The Methodology Used To Measure Health Care Consumption During the First Year of the Health Insurance Experiment

by Kent H. Marquis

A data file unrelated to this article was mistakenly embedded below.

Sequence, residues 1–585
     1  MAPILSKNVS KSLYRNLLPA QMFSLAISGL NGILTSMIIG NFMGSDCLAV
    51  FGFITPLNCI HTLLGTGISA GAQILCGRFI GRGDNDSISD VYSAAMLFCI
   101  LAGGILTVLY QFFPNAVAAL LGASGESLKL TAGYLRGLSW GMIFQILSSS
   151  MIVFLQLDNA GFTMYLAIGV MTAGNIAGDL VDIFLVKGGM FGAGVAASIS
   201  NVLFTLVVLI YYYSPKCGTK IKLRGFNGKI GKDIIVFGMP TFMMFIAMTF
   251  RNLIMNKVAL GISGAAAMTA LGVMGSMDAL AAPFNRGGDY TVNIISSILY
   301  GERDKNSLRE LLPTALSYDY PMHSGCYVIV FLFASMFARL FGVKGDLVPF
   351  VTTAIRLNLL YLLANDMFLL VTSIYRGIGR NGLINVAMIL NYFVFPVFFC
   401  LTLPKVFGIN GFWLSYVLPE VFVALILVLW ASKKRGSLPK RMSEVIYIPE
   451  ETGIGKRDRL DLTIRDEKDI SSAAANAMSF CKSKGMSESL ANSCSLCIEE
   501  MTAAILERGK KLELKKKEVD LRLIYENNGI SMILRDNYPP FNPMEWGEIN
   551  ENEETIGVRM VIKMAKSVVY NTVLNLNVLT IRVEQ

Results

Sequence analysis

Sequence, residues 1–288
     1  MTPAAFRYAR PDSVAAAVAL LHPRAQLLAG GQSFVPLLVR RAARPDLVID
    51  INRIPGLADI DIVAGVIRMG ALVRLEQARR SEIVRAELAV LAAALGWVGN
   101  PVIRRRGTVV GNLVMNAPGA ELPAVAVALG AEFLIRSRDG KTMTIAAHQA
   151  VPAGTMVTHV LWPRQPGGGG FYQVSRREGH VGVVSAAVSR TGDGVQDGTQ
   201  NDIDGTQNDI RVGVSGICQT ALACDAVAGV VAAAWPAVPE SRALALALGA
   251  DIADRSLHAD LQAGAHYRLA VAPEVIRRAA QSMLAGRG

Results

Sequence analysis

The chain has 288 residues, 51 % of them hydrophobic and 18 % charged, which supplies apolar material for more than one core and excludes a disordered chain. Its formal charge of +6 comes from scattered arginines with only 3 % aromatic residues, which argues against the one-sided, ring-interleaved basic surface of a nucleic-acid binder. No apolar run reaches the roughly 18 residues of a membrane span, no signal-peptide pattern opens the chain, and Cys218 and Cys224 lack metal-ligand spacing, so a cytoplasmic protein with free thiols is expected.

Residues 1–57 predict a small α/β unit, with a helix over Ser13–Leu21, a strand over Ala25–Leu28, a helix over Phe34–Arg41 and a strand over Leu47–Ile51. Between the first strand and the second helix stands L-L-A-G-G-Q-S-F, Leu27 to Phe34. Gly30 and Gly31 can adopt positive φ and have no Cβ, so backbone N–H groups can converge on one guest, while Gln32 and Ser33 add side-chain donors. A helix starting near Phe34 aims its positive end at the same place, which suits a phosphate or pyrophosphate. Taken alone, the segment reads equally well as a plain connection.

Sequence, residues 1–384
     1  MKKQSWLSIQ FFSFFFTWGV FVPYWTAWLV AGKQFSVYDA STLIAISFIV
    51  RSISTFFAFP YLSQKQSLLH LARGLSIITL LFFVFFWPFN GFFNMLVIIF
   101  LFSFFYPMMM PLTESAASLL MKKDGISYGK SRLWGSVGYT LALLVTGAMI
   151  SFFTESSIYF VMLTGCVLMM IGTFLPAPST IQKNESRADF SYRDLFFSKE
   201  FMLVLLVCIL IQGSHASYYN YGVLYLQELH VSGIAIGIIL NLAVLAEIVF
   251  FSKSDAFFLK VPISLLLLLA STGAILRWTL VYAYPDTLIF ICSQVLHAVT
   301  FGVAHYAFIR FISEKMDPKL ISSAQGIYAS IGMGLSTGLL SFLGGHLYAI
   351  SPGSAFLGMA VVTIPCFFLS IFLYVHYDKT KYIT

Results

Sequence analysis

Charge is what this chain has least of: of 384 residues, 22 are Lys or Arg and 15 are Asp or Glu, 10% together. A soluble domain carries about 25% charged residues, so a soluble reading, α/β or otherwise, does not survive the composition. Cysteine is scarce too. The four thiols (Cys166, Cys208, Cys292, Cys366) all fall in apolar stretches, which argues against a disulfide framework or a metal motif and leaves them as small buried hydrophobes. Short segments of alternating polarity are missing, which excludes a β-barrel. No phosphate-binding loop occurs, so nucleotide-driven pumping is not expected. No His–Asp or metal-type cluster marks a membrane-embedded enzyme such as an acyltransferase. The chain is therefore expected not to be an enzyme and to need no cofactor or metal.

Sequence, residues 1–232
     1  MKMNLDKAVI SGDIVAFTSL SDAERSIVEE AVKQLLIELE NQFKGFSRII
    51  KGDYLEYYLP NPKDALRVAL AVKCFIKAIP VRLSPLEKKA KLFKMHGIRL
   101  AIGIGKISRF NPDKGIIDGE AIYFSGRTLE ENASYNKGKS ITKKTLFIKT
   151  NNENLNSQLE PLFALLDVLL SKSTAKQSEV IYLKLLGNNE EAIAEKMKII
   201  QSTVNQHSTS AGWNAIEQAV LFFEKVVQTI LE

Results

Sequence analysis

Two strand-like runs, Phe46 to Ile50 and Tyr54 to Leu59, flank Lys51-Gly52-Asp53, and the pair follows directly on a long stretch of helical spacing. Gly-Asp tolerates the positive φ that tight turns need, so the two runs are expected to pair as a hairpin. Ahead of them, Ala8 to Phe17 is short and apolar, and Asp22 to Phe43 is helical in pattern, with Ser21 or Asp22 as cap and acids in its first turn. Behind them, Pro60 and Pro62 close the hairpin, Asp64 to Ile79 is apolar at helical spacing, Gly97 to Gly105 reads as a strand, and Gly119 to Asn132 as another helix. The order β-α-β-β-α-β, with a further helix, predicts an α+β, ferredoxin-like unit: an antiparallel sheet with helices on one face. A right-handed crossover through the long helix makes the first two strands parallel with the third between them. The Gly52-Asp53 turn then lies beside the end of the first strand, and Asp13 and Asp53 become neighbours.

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Discusses subject matter objectives, measurement theory and pretest results used to formulate a design for measuring the use of health services. An overview of the questionnaires, incentives, and procedures used by the Health Insurance Survey in its first year in the field is given, and a preliminary evaluation of response is presented. Attention is focused on the possible existence of a reporting bias correlated with experimental treatment that, if undetected, could bias estimates of demand. Pretest data suggested this kind of bias could be present so steps were taken to minimize it in the year one measurement design. A preliminary evaluation suggests the magnitude of the correlated bias was reduced but possibly not eliminated entirely. This contributed to the decisions to drop the control group from the study, to introduce additional reporting incentives for some groups, and to expand the study design to provide estimates of any remaining reporting biases.

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